Saturday, 20 July 2013

Seriously, about that Rolling Stone cover I was initially dismissive of the “controversy” concerning the latest Rolling Stone cover because it originated from people making arguments like this: The cover of Rolling Stone was once reserved for the newest bands, the hottest singer-songwriters or the pop culture phenoms grabbing the country by the scruff of its neck. Christian Toto, the author of this one, strikes me as one of those “internet researchers” whose store of knowledge consists of ideas half-mastered and mistakenly remembered, the sort that require a quick search to “confirm” that Rolling Stone is “about” music. He has no personal connection with or real knowledge of the magazine and doesn’t desire any. This lack of intellectual curiosity is made manifest in the rest of his post, which consists of quoting “celebrities” like Ralph Macchio re-tweeting the sage words of “one of the creative forces behind HBO’s Entourage.” The limitations of such critics notwithstanding, they accidentally stumbled over a solid point. To quote joe from lowell: The picture they chose to make the cover of Rolling Stone looks too much like a rock star. It looks like a zillion Rolling Stone covers we’ve all seen. The graphic designers were clearly going for that “ordinary, attractive person is really a monster” effect that the text describes, but they picked the wrong pic. The photo doesn’t read as “ordinary, attractive person who might live next door,” but as “the latest pop star Rolling Stone wants to promote.” It gets in the way of what they were trying to do and muddles the message. They should have used a photo in which he looked a little goofy, or a photo of him at eight years old, instead. The criticism here isn’t that a lowly music magazine is breaking from routine and lionizing Tsarnaev — it’s an aesthetic judgment that acknowledges what Rolling Stone tried and failed to do. The difference, in other words, between conservative and aesthetic critics of the image is that only the latter are capable of correctly assessing its intent and judging its effectiveness. Conservative critics legitimately believe that Rolling Stone‘s trying to disseminate images of dreamy Islamic radicalism to impressionable American youths, whereas aesthetic critics can read the words beneath the image and understand that the cover fails rhetorically. I think Other Scott need not fear the progeny of strange bedfellows — this is just the most recent case of deliberate conservative misprision. They see what they want to, so when they look at the Rolling Stone cover, instead of seeing what’s printed: They see what’s politically convenient: The context is still technically there, but it’s rendered inscrutable by the controversial imperative: “Act only according to that maxim whereby you can, at the same time, will that all should become offended by a universal flaw.” Defining the entire cover down to Tsarnaev’s self-portrait — treating it as if the words didn’t exist — allowed conservatives to circulate an ahistorical and acontextual version of it that’s offensive to everyone. Much like the fight between Trayvon...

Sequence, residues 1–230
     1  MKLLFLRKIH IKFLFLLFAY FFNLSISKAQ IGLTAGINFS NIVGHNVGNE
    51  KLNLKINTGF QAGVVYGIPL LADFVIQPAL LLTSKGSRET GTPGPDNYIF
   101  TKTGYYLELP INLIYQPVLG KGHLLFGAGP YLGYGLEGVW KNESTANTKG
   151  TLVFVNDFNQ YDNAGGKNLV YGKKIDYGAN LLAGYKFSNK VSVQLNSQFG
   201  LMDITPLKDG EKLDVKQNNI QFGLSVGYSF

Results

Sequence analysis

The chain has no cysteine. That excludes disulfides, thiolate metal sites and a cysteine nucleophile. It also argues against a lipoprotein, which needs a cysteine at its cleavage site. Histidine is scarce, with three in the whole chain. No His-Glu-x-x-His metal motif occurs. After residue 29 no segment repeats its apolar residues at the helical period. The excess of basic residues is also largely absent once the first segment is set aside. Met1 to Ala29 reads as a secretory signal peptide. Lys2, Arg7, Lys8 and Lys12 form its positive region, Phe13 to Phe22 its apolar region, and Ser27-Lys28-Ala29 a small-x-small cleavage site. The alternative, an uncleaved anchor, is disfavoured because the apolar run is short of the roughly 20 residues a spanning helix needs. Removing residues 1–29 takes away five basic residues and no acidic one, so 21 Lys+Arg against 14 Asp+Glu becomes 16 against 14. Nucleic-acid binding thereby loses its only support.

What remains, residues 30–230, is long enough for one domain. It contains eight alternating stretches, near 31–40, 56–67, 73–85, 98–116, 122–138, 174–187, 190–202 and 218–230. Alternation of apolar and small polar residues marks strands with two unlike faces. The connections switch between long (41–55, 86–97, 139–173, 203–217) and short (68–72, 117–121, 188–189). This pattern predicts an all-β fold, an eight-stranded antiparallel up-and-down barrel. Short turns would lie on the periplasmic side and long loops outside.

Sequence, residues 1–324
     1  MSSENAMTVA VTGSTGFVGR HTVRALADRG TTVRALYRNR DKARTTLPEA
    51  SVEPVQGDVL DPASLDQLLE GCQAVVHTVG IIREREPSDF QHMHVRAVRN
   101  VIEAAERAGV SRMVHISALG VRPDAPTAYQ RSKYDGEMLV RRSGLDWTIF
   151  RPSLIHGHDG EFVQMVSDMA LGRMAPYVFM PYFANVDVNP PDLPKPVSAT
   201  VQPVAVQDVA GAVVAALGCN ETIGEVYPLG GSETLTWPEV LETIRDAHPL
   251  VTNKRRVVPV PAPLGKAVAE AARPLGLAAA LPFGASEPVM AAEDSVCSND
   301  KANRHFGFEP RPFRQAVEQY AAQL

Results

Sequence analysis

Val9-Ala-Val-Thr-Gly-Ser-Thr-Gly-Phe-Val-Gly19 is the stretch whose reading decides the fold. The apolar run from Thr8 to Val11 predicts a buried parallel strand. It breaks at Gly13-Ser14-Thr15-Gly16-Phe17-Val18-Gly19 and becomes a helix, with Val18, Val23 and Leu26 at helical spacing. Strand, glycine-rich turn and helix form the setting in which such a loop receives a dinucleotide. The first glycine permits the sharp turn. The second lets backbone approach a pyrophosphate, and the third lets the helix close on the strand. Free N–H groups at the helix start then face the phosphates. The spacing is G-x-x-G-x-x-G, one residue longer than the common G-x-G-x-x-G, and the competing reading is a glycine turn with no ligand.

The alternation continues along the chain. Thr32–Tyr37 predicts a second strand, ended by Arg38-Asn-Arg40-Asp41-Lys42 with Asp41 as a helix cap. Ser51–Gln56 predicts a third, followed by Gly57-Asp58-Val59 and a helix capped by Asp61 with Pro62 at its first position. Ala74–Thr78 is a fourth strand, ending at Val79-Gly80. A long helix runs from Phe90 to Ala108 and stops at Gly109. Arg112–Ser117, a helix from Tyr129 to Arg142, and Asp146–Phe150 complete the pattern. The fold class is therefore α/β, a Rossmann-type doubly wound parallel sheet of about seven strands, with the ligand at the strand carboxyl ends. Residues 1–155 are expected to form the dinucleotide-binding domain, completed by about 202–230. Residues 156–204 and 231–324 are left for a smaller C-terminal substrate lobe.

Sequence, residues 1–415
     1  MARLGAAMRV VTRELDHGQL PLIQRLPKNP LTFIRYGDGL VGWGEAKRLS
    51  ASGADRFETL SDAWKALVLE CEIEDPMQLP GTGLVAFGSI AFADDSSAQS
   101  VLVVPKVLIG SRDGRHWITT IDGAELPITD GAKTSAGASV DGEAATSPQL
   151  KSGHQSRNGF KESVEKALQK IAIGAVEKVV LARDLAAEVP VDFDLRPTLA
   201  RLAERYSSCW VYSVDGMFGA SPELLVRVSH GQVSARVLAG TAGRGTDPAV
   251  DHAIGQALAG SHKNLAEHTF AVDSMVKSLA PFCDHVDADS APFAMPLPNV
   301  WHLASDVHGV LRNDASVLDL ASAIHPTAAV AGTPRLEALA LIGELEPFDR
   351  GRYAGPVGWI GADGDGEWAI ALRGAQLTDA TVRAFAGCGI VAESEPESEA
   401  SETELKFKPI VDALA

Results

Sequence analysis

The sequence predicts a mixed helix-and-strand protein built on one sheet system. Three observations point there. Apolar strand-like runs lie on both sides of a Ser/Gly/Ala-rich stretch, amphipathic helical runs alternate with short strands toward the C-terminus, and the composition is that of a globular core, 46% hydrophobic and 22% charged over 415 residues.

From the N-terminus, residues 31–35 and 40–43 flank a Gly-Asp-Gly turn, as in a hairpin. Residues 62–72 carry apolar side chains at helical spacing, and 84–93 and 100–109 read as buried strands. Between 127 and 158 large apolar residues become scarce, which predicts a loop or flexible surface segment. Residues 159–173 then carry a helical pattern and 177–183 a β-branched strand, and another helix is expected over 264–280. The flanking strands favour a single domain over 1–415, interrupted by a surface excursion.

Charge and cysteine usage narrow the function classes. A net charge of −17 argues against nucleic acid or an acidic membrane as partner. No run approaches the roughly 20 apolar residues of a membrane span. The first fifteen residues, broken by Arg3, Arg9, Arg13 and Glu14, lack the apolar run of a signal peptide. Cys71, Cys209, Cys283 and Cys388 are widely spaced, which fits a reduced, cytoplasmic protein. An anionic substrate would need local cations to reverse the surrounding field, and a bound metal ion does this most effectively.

Heh. Ha heh ha, heh heh ha, hold on now -- let me, heh, catch my breath. He drew a -- a what? Ha heh, heh, ha heh heh ha, heh, indeed! Thank you, National Review Online: For this “cartoon” demonstrating that George Zimmerman’s acquittal is analogous to the legacy of white-on-black violence in America because Al Sharpton is a knotted oak. Only a racist would look at that and think it referenced something so vile as a lynching. Those noosed truths — like someone else we know — don’t even have heads. For all we know they’re wind chimes in their Sunday finest. Only a racist would notice that they’re headless necks from root to wick, because only a racist would associate something as basic to the human condition as fire to the history of racism in the United States. Without fire generations of Americans of all races would’ve frozen to – – and I can’t do it. Michael Ramirez’s “Lynched” serves a single purpose: to allow the overwhelmingly white readership of NRO to believe that the imagined lynching of an abstract value is morally equivalent to the actual lynching of actual human beings. Because it’s been a long time since white people could really enjoy an image of a lynching. Some of them probably thought the day would never come again. But thanks to Michael Ramirez, white readers of NRO can stare with childish wonder at the shapes of men dangling from a limb and feel glee instead of having to fake guilt. UPDATE: I can't believe I forgot this! It's only like my favorite scene in Maus: Ha heh heh! Heh heh ha heh! Ha ha heh ha heh!

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